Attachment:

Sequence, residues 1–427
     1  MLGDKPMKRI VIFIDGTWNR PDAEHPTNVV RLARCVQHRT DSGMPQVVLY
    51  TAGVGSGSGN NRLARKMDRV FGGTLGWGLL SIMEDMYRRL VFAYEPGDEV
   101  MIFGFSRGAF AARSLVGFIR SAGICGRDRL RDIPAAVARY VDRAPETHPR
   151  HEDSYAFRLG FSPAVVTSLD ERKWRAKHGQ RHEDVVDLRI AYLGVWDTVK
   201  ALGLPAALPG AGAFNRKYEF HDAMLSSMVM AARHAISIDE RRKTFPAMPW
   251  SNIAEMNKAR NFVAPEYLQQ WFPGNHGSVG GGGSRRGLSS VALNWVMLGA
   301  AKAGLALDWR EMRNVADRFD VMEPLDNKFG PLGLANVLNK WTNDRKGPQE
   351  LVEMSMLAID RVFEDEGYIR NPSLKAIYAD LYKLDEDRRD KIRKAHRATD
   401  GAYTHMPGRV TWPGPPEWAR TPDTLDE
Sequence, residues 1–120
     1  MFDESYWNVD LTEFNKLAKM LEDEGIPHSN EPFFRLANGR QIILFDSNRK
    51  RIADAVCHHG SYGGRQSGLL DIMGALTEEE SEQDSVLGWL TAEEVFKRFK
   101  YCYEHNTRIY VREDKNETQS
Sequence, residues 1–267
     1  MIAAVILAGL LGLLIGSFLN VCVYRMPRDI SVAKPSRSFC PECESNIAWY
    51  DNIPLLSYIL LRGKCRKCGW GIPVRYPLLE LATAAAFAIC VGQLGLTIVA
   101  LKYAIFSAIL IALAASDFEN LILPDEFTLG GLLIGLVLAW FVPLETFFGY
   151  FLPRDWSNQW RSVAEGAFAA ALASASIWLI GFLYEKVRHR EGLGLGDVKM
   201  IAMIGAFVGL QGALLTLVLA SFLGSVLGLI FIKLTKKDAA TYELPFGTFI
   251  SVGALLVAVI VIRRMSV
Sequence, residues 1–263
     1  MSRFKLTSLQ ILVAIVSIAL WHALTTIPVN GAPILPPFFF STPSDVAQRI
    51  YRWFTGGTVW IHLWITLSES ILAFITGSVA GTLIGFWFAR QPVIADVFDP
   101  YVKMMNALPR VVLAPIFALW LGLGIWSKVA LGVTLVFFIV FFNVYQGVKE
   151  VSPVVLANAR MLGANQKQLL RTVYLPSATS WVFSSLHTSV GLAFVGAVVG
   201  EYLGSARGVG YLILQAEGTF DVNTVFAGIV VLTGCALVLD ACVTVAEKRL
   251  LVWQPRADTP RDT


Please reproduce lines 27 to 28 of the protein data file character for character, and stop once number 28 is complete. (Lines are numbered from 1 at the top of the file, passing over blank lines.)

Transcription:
   201  EYLGSARGVG YLILQAEGTF DVNTVFAGIV VLTGCALVLD ACVTVAEKRL
   251  LVWQPRADTP RDT